The Australian on 16 October ran a report from The Sunday Times suggesting that China is contemplating regime change in North Korea in the wake of the latest nuclear test.
THE Chinese are openly debating “regime change” in Pyongyang after last week’s nuclear test by their confrontational neighbour….
The Chinese Government has been ultra-cautious in its reaction. However, since Monday, Foreign Ministry officials have started to make a point of distinguishing between the North Korean people and their Government in conversations with diplomats.
Ahead of yesterday’s Security Council vote, some in Beijing argued against heavy sanctions on North Korea for fear that these would destroy what remains of a pro-Chinese “reformist” faction inside the Democratic People’s Republic of Korea.
“In today’s DPRK Government, there are two factions, sinophile and royalist,” one Chinese analyst wrote online. “The objective of the sinophiles is reform, Chinese-style, and then to bring down Kim Jong-il’s royal family. That’s why Kim is against reform. He’s not stupid.”
More than one Chinese academic agreed that China yearned for an uprising similar to the one that swept away the Romanian dictator Nicolae Ceausescu in 1989 and replaced him with communist reformers and generals. The Chinese made an intense political study of the Romanian revolution and even questioned president Ion Iliescu, who took over, about how it was done and what roles were played by the KGB and by Russia.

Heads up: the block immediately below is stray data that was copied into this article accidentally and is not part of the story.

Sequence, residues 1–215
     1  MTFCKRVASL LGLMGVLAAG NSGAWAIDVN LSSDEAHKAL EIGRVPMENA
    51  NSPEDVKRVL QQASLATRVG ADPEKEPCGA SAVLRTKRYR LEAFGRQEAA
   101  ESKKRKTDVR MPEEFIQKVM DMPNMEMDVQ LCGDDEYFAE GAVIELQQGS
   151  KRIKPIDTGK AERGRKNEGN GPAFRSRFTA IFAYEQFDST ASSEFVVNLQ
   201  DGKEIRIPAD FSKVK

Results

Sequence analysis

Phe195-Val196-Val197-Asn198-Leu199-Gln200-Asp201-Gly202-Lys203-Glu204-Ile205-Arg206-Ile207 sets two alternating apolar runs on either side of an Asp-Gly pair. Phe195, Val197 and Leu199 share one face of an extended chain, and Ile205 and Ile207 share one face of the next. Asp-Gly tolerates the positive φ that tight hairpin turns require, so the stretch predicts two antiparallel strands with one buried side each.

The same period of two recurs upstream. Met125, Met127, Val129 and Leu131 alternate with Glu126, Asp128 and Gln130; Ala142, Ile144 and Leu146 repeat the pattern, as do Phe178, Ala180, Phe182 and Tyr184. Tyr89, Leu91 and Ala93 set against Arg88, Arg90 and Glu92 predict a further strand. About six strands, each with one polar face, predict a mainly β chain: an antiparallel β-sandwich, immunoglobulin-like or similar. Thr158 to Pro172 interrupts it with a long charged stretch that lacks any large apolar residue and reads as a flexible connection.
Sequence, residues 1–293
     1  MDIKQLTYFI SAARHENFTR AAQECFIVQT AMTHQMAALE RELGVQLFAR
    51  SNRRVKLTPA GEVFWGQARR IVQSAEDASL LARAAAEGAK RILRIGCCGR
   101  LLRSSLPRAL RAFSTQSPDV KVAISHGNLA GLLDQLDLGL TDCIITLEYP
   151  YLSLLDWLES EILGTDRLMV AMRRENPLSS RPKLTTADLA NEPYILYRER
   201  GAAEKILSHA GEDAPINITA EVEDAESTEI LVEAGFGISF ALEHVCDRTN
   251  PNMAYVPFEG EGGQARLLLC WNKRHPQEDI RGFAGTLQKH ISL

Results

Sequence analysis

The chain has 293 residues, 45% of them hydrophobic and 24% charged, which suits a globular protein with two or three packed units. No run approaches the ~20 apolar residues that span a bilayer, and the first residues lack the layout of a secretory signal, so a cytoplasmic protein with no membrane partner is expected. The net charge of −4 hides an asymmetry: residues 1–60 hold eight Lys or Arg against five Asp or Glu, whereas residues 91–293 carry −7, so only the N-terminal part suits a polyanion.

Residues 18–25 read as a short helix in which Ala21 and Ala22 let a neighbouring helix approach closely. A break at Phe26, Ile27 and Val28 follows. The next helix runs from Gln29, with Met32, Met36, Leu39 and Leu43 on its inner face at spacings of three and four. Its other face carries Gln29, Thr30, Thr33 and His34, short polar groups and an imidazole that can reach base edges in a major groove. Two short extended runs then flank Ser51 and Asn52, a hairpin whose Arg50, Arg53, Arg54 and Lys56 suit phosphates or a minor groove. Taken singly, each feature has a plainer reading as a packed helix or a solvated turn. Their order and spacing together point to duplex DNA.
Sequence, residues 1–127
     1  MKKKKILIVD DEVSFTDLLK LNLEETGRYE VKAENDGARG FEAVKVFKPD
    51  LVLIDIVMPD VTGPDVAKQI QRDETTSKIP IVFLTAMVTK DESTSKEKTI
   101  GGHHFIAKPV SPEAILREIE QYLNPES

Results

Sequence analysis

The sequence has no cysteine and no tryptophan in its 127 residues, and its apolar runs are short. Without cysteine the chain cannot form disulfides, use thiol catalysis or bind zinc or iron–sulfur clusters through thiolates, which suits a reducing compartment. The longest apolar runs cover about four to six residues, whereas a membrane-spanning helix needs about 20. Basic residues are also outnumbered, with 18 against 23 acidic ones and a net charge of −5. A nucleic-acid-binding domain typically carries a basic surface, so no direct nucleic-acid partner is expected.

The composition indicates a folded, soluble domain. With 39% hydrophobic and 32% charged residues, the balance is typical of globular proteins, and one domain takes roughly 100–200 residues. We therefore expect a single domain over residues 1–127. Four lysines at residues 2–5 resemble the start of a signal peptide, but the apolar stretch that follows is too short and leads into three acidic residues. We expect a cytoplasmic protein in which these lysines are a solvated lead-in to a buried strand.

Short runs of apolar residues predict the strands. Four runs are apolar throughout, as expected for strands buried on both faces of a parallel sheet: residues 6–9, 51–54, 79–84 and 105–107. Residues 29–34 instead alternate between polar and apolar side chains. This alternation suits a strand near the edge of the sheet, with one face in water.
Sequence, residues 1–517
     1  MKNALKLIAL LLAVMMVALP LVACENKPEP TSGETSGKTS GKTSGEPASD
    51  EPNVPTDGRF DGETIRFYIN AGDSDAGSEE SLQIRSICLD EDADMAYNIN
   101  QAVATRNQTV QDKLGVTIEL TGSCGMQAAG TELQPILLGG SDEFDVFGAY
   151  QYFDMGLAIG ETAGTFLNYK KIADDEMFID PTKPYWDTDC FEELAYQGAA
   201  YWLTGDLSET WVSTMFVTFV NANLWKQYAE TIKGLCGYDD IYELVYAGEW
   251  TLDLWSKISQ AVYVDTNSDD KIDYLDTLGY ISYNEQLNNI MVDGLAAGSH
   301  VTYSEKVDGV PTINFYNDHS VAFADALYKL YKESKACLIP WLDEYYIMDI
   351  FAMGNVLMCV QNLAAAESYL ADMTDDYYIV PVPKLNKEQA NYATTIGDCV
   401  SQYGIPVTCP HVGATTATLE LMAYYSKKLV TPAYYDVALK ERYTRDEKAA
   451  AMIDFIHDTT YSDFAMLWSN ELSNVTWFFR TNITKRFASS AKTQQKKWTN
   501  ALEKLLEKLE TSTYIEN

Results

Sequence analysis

Mr Kim, for his part, ordered North Korean leaders to watch videos of the swift and chaotic trial and execution of Ceausescu and his wife, Elena, the vice-prime minister, as a salutary exercise.
The balance of risk between reform and chaos dominated arguments within China’s ruling elite. The Chinese have also permitted an astonishing range of vituperative internet comment about an ally with which Beijing maintains a treaty of friendship and co-operation. Academic Wu Jianguo published an article in a Singapore newspaper – available online in China – bluntly saying: “I suggest China should make an end of Kim’s Government.”
Anne Applebaum in today’s Washington Post argues that North Korea is primarily China’s problem. I think the Romania angle is worth considering, but I regard nearly everything said for public consumption about North Korea as propaganda talking points rather than serious analysis.